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Tuesday, March 16, 2010

Islamic Microfinance – An overview.

IslamOnline - Islamic Finance | 15 March 2010 - Micro-finance as a means of offering basic banking and small loans to those typically unable to gain such services in the mainstream finance markets was pioneered by Bangladeshi economist Dr. Muhammad Yunus. Dr Yunus was awarded the Nobel Prize for his immense contribution in poverty alleviation of Bangladesh.

Islamic Microfinance Contracts

Micro Islamic or Sharia compatible products use the same contracts and methods as traditional mainstream Islamic Banking.

These contracts can either operate individually or be combined with other contracts. Below are some of the common Islamic microfinance contracts.

Murabaha Sale (cost plus markup sale contract):
Ijarah (leasing contract)
Musharaka and Mudaraba (profit and loss sharing)
Takaful (mutual insurance)

Mudaraba Model:

The microfinance program and the microenterprise are partners in mudaraba-based transactions. In musharaka both the financier and the entrepreneur invest funds, while in mudaraba the financier invests only money and the entrepreneur invests labor. In this model the microentrepreneur is rewarded for his work and shares in the profit and the program only shares in the profit. In this process, profit is unknown, but profit-sharing rates are predetermined.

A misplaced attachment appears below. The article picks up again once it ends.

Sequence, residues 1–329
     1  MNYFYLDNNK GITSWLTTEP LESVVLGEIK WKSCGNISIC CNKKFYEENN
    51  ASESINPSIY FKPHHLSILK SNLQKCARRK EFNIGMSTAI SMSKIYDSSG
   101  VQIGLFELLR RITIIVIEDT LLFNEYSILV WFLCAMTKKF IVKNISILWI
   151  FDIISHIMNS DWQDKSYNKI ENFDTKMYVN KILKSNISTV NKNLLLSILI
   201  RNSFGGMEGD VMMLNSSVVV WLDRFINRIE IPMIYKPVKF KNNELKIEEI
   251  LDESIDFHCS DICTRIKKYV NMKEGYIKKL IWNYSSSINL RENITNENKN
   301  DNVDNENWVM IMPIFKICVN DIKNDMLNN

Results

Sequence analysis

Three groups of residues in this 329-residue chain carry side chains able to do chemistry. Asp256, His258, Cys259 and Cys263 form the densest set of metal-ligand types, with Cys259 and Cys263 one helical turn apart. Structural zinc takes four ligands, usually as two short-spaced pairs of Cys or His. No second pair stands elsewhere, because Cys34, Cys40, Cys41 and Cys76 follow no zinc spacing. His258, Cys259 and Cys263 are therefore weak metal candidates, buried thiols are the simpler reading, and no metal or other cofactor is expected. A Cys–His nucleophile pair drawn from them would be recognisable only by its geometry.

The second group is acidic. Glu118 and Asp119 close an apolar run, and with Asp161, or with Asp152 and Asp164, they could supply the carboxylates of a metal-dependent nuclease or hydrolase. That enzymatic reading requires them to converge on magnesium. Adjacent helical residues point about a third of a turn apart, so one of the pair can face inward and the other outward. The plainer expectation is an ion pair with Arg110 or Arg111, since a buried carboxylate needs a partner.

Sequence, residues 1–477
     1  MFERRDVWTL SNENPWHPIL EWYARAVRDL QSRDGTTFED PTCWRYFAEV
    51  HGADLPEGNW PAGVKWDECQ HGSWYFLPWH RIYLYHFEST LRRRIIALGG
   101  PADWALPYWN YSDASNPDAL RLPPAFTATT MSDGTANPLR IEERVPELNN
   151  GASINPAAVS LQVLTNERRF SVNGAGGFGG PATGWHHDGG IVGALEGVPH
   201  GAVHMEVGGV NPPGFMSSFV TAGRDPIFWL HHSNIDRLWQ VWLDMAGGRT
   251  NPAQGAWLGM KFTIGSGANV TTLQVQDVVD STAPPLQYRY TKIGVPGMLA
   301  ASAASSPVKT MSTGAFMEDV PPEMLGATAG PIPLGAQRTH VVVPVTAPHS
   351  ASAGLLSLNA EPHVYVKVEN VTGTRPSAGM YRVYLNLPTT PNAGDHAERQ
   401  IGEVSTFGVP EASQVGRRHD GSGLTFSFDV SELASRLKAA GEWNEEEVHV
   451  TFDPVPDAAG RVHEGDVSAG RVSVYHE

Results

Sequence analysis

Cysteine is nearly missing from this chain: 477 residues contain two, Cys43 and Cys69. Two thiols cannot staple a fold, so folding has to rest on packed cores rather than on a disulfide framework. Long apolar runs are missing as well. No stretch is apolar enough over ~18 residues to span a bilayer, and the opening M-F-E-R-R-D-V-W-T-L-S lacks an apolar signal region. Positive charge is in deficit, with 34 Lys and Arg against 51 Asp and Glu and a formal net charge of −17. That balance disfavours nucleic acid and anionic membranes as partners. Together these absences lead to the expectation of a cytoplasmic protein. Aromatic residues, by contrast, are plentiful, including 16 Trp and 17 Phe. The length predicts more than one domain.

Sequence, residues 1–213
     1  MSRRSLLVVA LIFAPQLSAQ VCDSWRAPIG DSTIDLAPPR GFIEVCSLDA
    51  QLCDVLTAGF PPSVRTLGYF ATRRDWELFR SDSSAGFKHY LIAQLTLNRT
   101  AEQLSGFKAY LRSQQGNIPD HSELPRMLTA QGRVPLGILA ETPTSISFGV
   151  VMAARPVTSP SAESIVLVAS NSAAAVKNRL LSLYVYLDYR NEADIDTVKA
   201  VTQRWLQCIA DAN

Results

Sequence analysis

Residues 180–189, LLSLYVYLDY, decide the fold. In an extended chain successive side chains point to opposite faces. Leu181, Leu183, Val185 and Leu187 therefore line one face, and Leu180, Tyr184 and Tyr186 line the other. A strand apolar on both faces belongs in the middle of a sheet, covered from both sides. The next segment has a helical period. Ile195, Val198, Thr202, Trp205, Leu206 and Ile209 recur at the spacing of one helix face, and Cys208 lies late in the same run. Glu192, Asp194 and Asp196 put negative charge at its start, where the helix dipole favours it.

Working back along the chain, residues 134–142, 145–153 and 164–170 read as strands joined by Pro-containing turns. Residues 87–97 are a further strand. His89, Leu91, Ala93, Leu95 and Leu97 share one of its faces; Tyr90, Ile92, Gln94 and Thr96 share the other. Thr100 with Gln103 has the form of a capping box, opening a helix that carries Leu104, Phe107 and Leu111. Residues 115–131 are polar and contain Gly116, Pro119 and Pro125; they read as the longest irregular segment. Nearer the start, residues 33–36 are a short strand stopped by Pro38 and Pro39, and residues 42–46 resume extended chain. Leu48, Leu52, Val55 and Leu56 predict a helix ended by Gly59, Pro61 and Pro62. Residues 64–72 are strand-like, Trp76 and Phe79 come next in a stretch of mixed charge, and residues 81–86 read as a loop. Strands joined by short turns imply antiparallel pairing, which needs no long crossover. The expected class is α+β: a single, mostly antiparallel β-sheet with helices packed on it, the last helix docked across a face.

In this model with comparison to other forms of Islamic banking, the lending agency would not be entitled to a distribution of its share in case entrepreneur’s suffer losses. However, the lending agency could also agree that in case the entrepreneur was to generate more profits, he would be entitled to retain 100% of the same. For businesses with a longer profit cycle the mudaraba model might be beneficial

A Murabaha Model:

The murabaha contract is similar to trade finance in the context of working capital loans and to leasing in the context of fixed capital loans. Under this contract, the microfinance program buys goods and resell them to the microenterprises for the original cost of the goods plus a markup against administrative costs. The borrower is responsible to pay back the amount against commodity he gets in equal installments. The murabaha model is simple to understand for borrowers, under this model the microfinance program will remain the owner of product until the last installment is paid.

Under microfinance murabaha model the procedure for loan application is simple. Once a loan application approved, the loan officer buys the chosen products and resells the borrowers after adding up a markup amount.

Some sharia focused clients have expressed doubts about the mechanism of murabah (buy-resell) because it looks similar to the forbidden practice of fixed interest rates (riba). In such situation, mechanism should be explained properly to borrowers and local religious leaders.

In some interpretations the handling and obtaining a loan in the form of money is considered haram (forbidden). In those areas, borrowers prefer to purchase goods that the microfinance program would purchase on their behalf and then “resell” to them. The major possible drawback of this model is the program’s higher administrative cost.